Chumash history & culture celebrated through acclaimed mural

June 07, 2000
Santa Paula News

Ann Elizabeth Thiermann, mural artist, holds the microphone for Julie Tumamait. Tumamait whose ancestry goes back generations to the Mupu Chumash village offered traditional Chumash songs at the dedication

The community claimed its latest public artwork on Sunday when the mural celebrating Chumash culture and history was dedicated at Blanchard Community Library. “It's absolutely incredible,” said prominent artist Tink Strother of the 50-foot plus mural before the ceremony began; artist and musician Xavier Montes provided entertainment with his Mexican folk harp before the ceremony, which drew over 150 people, began.“This is your mural, you made it possible through your gifts,” said Arts & Business Council President Joyce Carlson, who with her husband, Ernest Carlson, founded the Santa Paula Mural Project.The mural, the third in a series of 10, depicts contemporary, Mission period and ancient Chumash with over 40 figures and dozens of animals frolicking in the Santa Clara River Valley.Elected officials celebrating the completion of the mural were Mayor Rick Cook, who with Carlson cut the ribbon; Vice Mayor Don Johnson and council members Laura Flores Espinosa, Jim Garfield and Robin Sullivan as well as Supervisor Kathy Long were also in attendance.Librarian Dan Robles said BCL is “very proud to provide arts as well as books and research. . .” The mural is on the west wall of the North 8th Street library facility.“When you dream alone you're only dreaming, but when you dream together you can make it a reality,” Carlson said of the mural project's many committee members, including Howard Bolton who created the accompanying ancient Chumash symbols.Stephen Voelker, president of Santa Clara Valley Bank, a mural project founder, noted that the Carlsons' themselves were the founders of the latest mural, dedicated to their late son, Mark Carlson.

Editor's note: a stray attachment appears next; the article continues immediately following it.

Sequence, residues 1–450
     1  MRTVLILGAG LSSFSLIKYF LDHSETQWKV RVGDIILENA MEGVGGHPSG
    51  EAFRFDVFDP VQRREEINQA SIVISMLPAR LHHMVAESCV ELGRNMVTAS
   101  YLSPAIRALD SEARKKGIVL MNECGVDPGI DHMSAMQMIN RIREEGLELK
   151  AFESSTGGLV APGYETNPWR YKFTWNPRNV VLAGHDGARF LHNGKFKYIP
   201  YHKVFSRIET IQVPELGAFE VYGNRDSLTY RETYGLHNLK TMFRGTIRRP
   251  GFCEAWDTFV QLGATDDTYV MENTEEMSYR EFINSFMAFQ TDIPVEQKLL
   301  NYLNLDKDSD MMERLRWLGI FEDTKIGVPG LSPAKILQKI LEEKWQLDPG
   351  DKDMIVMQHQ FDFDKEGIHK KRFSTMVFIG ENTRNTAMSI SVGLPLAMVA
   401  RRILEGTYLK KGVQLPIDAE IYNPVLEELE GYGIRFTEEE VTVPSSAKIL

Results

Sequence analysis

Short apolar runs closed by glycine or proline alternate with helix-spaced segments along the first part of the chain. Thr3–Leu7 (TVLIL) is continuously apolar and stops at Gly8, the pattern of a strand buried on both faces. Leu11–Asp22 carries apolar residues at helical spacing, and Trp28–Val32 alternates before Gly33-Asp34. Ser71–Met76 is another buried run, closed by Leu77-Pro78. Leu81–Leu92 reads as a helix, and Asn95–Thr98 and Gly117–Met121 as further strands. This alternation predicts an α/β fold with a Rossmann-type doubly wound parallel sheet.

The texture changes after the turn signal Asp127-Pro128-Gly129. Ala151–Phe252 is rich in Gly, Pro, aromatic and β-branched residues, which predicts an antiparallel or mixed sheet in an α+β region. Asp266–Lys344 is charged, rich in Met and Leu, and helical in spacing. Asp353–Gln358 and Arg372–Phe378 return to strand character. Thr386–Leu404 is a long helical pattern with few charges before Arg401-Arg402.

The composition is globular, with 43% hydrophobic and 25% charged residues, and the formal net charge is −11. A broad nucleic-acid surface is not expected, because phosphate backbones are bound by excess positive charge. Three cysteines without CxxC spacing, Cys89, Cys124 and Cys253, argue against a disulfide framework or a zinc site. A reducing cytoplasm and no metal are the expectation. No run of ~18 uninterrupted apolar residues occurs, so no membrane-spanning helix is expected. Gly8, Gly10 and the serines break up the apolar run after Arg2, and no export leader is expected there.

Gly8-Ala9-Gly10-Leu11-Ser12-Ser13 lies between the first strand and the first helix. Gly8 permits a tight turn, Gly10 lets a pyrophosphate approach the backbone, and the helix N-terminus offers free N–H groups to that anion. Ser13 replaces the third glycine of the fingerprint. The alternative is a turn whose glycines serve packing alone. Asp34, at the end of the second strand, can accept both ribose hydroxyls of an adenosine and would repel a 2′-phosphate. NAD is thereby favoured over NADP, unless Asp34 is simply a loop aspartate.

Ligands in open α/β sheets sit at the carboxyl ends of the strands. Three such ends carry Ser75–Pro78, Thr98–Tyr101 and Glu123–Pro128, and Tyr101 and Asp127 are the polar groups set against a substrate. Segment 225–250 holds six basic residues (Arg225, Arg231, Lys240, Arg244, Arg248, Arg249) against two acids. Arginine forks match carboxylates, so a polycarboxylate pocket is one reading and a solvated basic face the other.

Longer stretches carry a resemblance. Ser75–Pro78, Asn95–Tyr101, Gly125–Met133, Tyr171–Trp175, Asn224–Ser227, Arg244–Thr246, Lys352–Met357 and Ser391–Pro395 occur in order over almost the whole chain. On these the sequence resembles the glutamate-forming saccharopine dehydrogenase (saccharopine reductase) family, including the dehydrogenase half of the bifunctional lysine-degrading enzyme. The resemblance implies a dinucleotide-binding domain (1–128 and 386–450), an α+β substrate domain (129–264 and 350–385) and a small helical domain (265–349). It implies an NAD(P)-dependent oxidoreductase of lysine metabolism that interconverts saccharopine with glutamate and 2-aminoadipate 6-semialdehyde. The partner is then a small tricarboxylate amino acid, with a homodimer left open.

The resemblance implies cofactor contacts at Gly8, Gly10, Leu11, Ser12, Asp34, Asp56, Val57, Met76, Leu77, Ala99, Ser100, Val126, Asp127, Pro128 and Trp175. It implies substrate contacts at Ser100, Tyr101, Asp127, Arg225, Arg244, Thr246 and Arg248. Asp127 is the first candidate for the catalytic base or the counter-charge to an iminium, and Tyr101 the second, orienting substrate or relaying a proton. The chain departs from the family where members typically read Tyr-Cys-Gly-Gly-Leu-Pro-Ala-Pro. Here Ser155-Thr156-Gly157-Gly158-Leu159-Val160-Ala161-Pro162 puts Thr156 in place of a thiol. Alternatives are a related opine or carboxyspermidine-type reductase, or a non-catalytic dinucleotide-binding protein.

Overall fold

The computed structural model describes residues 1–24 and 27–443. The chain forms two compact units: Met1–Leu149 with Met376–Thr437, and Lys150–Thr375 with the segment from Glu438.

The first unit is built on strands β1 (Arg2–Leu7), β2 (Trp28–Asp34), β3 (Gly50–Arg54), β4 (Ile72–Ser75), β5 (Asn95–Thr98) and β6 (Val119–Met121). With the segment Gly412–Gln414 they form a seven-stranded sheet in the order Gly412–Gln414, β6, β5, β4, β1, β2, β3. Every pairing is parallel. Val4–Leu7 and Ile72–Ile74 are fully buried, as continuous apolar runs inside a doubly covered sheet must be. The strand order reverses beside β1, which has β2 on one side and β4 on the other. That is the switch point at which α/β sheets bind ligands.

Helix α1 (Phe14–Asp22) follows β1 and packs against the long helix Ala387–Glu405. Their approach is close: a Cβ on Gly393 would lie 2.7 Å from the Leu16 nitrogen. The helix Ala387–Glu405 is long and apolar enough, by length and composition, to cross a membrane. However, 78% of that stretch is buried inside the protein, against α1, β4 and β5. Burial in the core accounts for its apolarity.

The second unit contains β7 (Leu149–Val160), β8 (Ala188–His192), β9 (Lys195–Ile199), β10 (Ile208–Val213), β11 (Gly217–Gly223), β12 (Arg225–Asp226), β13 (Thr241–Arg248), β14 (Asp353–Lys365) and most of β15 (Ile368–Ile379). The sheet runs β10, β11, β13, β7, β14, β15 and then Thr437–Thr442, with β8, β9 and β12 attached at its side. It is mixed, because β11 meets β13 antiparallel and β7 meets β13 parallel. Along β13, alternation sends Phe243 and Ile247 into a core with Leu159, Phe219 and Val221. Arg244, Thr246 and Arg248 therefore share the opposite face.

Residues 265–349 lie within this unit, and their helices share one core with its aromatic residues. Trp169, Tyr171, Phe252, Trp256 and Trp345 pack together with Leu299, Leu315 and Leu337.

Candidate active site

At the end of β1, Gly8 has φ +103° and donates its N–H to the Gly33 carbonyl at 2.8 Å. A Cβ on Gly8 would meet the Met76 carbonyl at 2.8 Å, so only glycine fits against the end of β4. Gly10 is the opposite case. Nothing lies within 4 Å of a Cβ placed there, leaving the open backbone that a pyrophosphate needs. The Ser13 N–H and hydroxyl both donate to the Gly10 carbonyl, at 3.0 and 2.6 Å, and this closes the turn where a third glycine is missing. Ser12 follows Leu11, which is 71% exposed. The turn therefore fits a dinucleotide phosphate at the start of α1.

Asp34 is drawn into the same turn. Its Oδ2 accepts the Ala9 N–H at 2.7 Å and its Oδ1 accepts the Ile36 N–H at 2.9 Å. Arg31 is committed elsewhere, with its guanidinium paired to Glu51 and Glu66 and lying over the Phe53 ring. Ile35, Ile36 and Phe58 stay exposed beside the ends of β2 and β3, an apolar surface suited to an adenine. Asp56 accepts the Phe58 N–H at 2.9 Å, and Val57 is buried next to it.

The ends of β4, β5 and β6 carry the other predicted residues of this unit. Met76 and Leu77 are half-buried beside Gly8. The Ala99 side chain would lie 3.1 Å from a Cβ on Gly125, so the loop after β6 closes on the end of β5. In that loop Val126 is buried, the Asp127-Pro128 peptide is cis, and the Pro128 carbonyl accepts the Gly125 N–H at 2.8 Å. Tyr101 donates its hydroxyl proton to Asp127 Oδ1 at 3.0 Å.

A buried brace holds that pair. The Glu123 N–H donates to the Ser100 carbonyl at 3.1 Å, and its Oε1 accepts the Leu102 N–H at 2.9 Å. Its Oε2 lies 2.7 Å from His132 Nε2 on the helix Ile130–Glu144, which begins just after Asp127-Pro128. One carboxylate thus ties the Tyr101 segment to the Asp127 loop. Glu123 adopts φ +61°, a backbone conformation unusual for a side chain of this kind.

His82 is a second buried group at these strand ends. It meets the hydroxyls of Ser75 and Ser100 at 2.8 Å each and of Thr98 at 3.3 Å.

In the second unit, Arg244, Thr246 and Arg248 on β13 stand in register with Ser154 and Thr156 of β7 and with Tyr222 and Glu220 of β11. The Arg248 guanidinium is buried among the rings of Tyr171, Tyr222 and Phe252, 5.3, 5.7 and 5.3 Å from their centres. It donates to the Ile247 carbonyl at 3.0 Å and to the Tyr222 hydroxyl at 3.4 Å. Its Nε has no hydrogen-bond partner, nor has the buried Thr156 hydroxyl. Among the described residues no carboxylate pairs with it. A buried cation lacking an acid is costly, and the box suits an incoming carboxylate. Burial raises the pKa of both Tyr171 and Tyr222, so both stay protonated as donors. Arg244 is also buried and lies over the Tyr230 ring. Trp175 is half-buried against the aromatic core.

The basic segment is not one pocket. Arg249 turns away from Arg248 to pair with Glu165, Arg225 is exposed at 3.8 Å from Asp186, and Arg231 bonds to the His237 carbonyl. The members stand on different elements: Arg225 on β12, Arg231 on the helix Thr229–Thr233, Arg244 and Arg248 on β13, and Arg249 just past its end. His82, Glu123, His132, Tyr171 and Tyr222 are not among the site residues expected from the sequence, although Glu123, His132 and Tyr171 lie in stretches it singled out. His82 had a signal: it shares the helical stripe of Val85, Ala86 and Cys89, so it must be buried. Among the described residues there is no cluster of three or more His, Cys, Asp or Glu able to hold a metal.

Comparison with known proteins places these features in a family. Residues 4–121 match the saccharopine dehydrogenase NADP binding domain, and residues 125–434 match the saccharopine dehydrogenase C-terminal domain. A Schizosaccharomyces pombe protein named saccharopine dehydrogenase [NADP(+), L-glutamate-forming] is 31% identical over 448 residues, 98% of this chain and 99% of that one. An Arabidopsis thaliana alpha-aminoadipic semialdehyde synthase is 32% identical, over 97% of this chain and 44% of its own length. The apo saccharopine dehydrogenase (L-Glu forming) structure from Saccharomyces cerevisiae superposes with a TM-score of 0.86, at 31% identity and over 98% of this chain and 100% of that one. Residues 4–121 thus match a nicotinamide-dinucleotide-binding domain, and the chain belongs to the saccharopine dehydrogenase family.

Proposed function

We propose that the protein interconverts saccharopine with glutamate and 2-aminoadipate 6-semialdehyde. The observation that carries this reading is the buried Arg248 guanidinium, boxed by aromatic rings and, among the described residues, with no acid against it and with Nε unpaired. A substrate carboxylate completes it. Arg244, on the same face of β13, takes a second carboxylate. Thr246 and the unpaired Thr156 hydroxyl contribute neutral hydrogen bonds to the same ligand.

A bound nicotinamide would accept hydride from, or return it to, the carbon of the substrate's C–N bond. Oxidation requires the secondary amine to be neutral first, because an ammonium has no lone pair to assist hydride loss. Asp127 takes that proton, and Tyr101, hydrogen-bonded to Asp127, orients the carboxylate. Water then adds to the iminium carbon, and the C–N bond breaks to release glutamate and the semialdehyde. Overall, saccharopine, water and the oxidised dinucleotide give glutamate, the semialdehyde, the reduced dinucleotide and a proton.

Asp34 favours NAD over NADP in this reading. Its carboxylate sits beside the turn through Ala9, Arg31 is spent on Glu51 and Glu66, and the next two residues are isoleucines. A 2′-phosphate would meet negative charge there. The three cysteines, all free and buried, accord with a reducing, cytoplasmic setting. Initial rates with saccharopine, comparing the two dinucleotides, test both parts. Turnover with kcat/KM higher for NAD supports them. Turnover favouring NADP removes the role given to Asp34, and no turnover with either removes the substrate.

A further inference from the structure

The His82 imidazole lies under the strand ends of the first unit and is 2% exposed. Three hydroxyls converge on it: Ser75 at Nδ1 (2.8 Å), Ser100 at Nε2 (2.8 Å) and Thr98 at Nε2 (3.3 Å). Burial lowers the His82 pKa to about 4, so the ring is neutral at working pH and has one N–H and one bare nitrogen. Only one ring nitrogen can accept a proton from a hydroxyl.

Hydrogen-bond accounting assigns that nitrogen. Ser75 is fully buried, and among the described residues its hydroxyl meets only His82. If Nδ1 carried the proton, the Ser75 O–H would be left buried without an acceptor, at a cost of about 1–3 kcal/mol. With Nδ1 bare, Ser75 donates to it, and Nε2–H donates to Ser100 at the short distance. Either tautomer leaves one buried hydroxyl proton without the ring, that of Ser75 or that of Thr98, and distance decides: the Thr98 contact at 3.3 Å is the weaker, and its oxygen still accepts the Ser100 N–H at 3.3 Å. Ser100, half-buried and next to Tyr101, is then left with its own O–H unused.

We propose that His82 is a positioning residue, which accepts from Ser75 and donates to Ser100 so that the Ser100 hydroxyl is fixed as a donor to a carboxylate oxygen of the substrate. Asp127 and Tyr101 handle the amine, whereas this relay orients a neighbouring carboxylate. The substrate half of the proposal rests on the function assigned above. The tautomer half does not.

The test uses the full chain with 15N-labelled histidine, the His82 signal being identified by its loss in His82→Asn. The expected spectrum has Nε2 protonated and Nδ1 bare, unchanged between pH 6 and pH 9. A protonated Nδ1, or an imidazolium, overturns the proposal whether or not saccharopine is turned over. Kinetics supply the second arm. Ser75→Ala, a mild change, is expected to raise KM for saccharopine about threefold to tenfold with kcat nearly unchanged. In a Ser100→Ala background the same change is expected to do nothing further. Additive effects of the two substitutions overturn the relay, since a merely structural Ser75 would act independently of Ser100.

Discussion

Ernest Carlson said Mark “Loved to hike in the hills and valleys seen in the mural,” and was fascinated when he came upon an ancient cave with Chumash markings. Killed in a motorcycle accident when he was a teenager, the Carlsons had Tink Strother, a noted portrait artist, paint their son with his dog George, a work that was on display during the mural dedication.“I know Mark would be proud to have his name associated with this wonderful mural,” said Carlson.Artist Ann Elizabeth Thiermann of Santa Cruz thoroughly researched Chumash culture, local plant life, and Santa Paula vistas for the work, which she called her “most ambitious mural to date. . .” The people of Santa Paula were “wonderful and I applaud the community for getting behind,” the mural project effort,” she noted.Julie Tumamait of Ojai, whose ancestry goes back generations to the Mupu Chumash village, offered songs, history and folklore. The mural will “stand as a representative of the community and be a wonderful teaching tool that will spark a lot of curiosity and interest. . .I hope it serves as an inspiration to people.”“There's a great lesson we can learn from the native people who lived off the land without destroying the land,” said Joyce Carlson. “This latest mural was a massively challenging job, and is a heroic work.”

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